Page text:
The inflammasome pathway functions to regulate caspase-1 activation in response to a broad range of stimuli. Caspase-1 activation is required for the maturation of the pivotal pro-inflammatory cytokines of the pro-IL-1beta family. In addition, caspase-1 activation leads to a certain type of cell death known as pyroptosis. Activation of the inflammasome has been shown to play a critical role in the recognition and containment of various microbial pathogens, including the intracellularly replicating Listeria monocytogenes; however, the inflammasome pathways activated during L. monocytogenes infection are only poorly defined. Here, we demonstrate that L. monocytogenes activates both the NLRP3 and the AIM2 inflammasome, with a predominant involvement of the AIM2 inflammasome. In addition, L. monocytogenes-triggered cell death was diminished in the absence of both AIM2 and NLRP3, and is concomitant with increased intracellular replication of L. monocytogenes. Altogether, these data establish a role for DNA
Rotavirus, a leading cause of severe gastroenteritis and diarrhoea in young children, accounts for around 215,000 deaths annually worldwide. Rotavirus specifically infects the intestinal epithelial cells in the host small intestine and has evolved strategies to antagonize interferon and NF-κB signalling, raising the question as to whether other host factors ... read more participate in antiviral responses in intestinal mucosa. The mechanism by which enteric viruses are sensed and restricted in vivo, especially by NOD-like receptor (NLR) inflammasomes, is largely unknown. Here we uncover and mechanistically characterize the NLR Nlrp9b that is specifically expressed in intestinal epithelial cells and restricts rotavirus infection. Our data show that, via RNA helicase Dhx9, Nlrp9b recognizes short double-stranded RNA stretches and forms inflammasome complexes with the adaptor proteins Asc and caspase-1 to promote the maturation of interleukin (Il)-18 and gasdermin D (Gsdmd)-induced pyroptosis. ...
expression was critical for cytokine and chemokine production in tumor-associated macrophages and was necessary for the generation of protective IFN-γ-producing CD4+ and CD8+ T cells. Tumor progression was diminished when WT or caspase-1-deficient, but not NLRC4-deficient, macrophages were coinjected with B16F10 tumor cells in NLRC4-deficient mice. Finally, examination of human primary melanomas revealed the extensive presence of NLRC4+ tumor-associated macrophages. In contrast, there was a paucity of NLRC4+ tumor-associated macrophages observed in human metastatic melanoma, supporting the concept that NLRC4 expression controls tumor growth. These results reveal a critical role for NLRC4 in suppressing tumor growth in an inflammasome-independent manner.. ...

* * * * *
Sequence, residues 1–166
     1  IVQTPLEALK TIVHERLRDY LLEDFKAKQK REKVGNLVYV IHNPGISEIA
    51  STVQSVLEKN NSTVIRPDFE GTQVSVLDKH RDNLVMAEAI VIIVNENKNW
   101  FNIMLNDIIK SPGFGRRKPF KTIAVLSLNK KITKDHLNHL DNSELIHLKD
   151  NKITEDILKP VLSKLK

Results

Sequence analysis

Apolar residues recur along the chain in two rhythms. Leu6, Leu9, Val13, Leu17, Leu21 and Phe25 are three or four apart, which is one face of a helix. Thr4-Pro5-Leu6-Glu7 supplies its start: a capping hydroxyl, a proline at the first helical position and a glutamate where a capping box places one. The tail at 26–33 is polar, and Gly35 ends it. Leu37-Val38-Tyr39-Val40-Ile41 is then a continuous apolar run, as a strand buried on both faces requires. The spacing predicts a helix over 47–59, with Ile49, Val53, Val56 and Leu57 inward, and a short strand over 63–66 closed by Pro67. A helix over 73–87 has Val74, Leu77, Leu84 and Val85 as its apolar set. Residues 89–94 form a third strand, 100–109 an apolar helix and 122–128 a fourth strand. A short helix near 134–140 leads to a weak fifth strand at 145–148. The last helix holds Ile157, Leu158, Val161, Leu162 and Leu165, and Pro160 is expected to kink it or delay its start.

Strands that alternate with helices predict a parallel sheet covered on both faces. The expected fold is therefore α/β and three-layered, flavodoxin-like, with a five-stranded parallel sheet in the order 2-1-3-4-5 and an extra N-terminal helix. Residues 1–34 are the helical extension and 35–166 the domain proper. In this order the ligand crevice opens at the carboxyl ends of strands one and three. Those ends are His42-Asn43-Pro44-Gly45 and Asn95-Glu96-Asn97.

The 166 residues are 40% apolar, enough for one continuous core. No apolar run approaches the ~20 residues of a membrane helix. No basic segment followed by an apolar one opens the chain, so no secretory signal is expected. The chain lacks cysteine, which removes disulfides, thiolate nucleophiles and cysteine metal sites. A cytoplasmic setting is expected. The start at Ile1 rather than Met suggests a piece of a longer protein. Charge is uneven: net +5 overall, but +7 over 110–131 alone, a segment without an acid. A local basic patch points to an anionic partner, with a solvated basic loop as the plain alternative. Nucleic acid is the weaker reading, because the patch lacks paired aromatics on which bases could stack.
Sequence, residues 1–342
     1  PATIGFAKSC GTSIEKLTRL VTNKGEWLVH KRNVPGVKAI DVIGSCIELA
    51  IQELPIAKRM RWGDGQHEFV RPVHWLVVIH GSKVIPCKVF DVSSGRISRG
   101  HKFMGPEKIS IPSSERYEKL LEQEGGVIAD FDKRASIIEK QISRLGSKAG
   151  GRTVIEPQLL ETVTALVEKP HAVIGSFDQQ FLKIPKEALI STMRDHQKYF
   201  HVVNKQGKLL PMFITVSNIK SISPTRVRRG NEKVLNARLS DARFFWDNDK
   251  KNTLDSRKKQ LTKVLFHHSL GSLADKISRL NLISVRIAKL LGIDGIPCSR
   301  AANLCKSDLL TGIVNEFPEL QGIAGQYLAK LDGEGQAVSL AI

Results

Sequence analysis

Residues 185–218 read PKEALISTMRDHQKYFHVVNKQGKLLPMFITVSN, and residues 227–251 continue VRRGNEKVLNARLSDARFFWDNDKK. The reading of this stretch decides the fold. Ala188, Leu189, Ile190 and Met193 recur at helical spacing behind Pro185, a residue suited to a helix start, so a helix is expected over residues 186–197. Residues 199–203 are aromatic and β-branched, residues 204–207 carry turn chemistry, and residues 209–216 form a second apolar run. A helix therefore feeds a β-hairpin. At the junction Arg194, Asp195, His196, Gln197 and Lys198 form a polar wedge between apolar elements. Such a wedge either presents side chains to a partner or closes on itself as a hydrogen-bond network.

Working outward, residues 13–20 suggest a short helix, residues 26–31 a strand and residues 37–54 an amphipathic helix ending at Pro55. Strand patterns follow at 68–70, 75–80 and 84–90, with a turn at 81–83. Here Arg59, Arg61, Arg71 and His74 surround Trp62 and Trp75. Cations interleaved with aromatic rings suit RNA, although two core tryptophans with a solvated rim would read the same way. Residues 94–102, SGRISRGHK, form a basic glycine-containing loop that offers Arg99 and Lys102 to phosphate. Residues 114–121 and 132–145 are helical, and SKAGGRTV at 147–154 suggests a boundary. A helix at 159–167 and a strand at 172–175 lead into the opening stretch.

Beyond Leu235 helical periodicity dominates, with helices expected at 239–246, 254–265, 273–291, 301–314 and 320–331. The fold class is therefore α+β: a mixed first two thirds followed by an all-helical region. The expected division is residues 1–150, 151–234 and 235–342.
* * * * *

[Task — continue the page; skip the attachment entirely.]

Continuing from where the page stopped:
NLRP3 has been recognized as one of the key components of innate immunity. Upon activation, NLRP3 forms a multiprotein complex called as the inflammasome which leads to the activation of pro-inflammatory caspase-1 which subsequently results in the formation of Interleukin (IL)-1β and IL-18. Mutations in the NLRP3 gene can lead to its constitutive activation resulting in an uncontrolled production of IL-1β. These mutations have been implicated in hereditary inflammatory diseases, often grouped under Cryopyrin associated periodic syndromes (CAPS, cryopyrin being an alternative name for NLRP3).. Paper I in this thesis presents the case of a patient with a long history of arthritis and antibiotic resistant fever, but without the typical symptoms of CAPS. The patient was a heterozygous carrier of two common polymorphisms, Q705K in NLRP3 and C10X in CARD-8. Experimental studies indicated elevated activity of caspase-1 and IL-1β levels in the patient and a total clinical remission was achieved by ...
Abstract:The connection between the innate immune system, clock genes, and mitochondrial bioenergetics was analyzed during aging and sepsis in mouse heart. Our results suggest that the sole NF-κB activation does not explain the inflammatory process underlying aging; the former also triggers the NLRP